No. 4: Partner with other local venues or businesses.
Once you're organized and know what you want to accomplish, it's time to invite other businesses or partners to participate. Contact local entertainment venues, restaurants, or any other local business or organization and ask them to join you in giving back and participating in a joint press release to share the results of their efforts during the same period. they're doing for the same period.
You don't have to share every detail about the events you're doing, but give them some idea of what you're doing and what you'd need from them. Here's a sample email or talking points for reference:
"Hi Jim (local business owner),
Giving back to our community is something that we greatly value. In the second quarter, we have decided to focus our efforts on supporting the Shriners Hospitals for Children, and we're inviting your team to join us.
Our goal is to partner with you and other local businesses so that we can make an even bigger impact. At the end of the quarter, we will produce a joint release, including our partners, sharing the results of our efforts with the community.
We believe that banding together with you and sharing our combined results will help encourage others to give, widen our impact, and gain greater publicity within the community. What do you think?
We've begun planning a quarter with several events, but you can participate however you choose. Our team can handle the writing of the release. If you'd like to join us, all we would need is for you to:
- Capture the details of the charitable efforts you participate in during the months of April to June, such as:
- # of events held
- total dollars raised/donated
- # of people helped
- anything else you'd like to share
- Take photos of any event and share those to go along with the release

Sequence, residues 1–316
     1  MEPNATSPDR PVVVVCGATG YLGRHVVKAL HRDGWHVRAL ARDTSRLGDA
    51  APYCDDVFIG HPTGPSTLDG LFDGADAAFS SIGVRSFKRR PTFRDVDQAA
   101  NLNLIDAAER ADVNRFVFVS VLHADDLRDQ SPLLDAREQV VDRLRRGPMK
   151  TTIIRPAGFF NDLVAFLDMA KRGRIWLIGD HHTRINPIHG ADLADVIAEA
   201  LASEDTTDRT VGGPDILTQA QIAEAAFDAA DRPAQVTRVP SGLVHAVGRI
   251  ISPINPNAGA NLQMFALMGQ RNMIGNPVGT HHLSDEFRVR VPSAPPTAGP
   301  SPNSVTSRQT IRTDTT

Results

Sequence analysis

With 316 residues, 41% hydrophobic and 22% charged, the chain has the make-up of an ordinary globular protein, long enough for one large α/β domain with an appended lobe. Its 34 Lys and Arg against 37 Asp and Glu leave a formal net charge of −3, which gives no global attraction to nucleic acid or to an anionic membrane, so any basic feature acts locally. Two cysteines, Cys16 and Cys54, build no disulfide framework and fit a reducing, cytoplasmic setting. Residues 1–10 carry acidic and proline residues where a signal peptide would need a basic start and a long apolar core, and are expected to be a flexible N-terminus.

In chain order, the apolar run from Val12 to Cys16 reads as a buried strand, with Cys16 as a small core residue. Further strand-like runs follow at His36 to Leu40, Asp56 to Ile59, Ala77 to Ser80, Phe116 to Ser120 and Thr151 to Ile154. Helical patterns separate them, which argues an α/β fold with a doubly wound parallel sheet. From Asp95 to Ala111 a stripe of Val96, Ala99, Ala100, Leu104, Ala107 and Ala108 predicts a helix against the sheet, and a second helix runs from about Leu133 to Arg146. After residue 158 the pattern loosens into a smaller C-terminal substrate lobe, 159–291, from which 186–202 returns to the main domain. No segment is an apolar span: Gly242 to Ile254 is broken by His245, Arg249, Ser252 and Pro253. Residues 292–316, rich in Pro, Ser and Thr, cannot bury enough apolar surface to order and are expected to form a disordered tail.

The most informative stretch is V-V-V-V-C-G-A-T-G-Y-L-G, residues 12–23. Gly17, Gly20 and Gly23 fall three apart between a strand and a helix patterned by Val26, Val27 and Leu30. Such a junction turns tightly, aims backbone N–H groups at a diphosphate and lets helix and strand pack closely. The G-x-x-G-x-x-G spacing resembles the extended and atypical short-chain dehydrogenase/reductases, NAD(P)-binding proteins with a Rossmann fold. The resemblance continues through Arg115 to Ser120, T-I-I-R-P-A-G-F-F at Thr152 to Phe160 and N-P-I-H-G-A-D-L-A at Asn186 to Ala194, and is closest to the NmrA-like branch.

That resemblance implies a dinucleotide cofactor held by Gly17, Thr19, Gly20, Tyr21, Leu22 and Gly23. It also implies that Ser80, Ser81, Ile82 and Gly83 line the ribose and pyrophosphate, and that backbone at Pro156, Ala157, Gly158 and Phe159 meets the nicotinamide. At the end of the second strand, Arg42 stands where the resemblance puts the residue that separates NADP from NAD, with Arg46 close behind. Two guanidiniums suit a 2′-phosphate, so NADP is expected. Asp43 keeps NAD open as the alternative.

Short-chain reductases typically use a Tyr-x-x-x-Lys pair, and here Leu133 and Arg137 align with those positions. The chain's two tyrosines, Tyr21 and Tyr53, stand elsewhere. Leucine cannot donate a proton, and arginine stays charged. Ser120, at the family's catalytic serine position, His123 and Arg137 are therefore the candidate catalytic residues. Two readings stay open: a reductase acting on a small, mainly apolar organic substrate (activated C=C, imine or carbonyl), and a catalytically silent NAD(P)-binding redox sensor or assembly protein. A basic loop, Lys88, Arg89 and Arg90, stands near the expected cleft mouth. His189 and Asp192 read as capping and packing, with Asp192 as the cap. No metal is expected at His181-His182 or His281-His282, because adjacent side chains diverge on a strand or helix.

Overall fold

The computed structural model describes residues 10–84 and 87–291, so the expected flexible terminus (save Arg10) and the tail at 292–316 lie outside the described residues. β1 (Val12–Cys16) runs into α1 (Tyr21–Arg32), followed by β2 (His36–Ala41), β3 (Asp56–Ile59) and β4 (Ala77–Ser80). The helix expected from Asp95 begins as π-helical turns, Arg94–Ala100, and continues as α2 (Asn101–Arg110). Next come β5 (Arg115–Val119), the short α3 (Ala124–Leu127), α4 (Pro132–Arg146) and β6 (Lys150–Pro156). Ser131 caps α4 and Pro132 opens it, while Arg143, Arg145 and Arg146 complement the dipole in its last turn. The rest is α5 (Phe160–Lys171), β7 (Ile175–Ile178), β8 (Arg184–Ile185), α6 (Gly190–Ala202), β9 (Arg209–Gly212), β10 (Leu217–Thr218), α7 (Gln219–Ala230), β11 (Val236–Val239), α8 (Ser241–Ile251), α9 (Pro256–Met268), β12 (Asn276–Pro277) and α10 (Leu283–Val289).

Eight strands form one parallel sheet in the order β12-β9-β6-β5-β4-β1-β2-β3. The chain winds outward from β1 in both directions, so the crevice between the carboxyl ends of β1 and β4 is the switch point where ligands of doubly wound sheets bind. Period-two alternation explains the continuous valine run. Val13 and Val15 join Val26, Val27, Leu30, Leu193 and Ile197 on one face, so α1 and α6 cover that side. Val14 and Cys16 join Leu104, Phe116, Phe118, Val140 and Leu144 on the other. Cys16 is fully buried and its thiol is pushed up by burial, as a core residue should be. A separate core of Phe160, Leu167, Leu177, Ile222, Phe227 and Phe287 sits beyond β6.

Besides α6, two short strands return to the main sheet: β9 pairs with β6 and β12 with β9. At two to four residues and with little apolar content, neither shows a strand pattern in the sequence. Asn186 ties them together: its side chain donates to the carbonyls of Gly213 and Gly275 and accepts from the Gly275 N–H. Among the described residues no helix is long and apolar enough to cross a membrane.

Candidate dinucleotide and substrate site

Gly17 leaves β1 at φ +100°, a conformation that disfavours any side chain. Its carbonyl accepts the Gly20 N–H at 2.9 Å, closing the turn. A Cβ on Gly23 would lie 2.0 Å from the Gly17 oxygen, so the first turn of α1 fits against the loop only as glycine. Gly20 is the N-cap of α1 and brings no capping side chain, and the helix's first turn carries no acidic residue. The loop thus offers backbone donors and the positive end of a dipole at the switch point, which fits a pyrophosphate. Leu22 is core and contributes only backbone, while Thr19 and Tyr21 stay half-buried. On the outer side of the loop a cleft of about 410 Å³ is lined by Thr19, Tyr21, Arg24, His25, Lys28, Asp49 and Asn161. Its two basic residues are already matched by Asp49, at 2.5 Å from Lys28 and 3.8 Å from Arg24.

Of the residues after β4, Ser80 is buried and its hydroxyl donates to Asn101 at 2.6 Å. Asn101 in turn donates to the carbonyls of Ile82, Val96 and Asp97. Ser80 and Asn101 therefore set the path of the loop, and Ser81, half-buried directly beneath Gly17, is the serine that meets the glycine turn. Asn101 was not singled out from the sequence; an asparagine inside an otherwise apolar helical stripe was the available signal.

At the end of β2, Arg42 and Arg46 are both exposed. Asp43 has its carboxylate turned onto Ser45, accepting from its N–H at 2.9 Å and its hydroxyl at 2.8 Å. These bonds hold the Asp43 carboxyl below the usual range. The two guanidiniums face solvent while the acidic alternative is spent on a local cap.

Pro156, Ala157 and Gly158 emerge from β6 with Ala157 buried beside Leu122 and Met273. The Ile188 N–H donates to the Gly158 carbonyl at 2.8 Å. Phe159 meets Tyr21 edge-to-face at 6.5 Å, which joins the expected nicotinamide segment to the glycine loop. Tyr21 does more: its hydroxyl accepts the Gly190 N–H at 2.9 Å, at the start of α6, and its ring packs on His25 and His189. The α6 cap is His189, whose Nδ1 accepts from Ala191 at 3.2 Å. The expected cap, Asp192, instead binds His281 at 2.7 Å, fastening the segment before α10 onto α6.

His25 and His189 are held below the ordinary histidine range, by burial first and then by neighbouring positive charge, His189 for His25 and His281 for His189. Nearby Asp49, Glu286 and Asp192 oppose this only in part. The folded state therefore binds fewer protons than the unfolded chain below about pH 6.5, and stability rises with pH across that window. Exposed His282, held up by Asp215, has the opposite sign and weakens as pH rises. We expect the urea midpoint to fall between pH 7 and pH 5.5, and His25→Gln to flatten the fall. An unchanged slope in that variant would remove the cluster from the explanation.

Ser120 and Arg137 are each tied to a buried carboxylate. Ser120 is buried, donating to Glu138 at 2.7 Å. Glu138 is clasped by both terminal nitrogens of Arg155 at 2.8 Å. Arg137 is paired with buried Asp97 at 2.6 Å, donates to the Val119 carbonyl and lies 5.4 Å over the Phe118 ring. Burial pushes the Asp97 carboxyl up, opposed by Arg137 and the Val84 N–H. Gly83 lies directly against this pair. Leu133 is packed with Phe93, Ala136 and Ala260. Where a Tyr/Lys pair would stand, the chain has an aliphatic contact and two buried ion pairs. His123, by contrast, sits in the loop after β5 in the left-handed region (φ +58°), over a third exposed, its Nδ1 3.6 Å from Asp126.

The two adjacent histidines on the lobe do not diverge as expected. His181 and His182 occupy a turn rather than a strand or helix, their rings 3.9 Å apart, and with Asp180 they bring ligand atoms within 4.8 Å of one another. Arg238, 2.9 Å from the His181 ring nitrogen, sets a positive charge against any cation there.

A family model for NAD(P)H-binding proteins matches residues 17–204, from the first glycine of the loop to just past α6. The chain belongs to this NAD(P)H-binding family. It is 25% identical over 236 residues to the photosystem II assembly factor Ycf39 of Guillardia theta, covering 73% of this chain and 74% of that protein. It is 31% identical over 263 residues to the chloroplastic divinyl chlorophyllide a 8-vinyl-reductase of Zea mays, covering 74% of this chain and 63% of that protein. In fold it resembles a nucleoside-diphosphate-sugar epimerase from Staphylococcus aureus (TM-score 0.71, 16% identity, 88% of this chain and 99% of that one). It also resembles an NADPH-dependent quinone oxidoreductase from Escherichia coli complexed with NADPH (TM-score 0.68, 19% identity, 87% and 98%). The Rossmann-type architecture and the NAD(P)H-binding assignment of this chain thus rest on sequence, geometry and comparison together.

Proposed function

- At the end of the quarter, send me what you'd like to include in the release by July 10, 2022
- Provide us with a point of contact, social handles, and any hashtags you'd like to use when publicizing the release
We'll craft the release and send it to you for review and feedback by July 15, 2022. Once it's finalized, we will distribute it on PR Newswire and to the local media, and we'll publish it to our social channels, tagging your business as well, and invite you to do the same.
We'd love to partner with your team on this. What do you think?"
Note that it might be easier to entice a journalist's attention if you and your partner businesses rally around the same cause, but you could also think broadly and share a joint release about the way you've helped needy families, schools in your district, or other similarly aligned causes.
No. 5: Put your plan into action.
Armed with your project plan and commitment from other businesses, you now have everything you need to implement your outreach. When it's time to craft your press release, it's a good idea to focus on your commitment to the community and, most importantly, the people and organizations you've helped. Include results and numbers, quotes from beneficiaries, and urge others to "pay it forward" and continue the great work of lending a hand to those in need.
When it comes to sending your press release, it's always better to send directly to journalists, social media influencers, and bloggers you know in the local market. But if you don't have personal contacts or the time to pursue those avenues, publishing your release to a service like PR Newswire or Newswire can also be effective. For more tips on writing and publishing press releases, check out these resources:
- Top 15 Press Release Distribution Tips for More Press Coverage
With a bit of planning and the right partnerships, it won't be long before you see your local impact begin to grow. Good luck, and please send your releases to us so we can share your good work, too! Send links to articles to Showell@centeredgesoftware.com.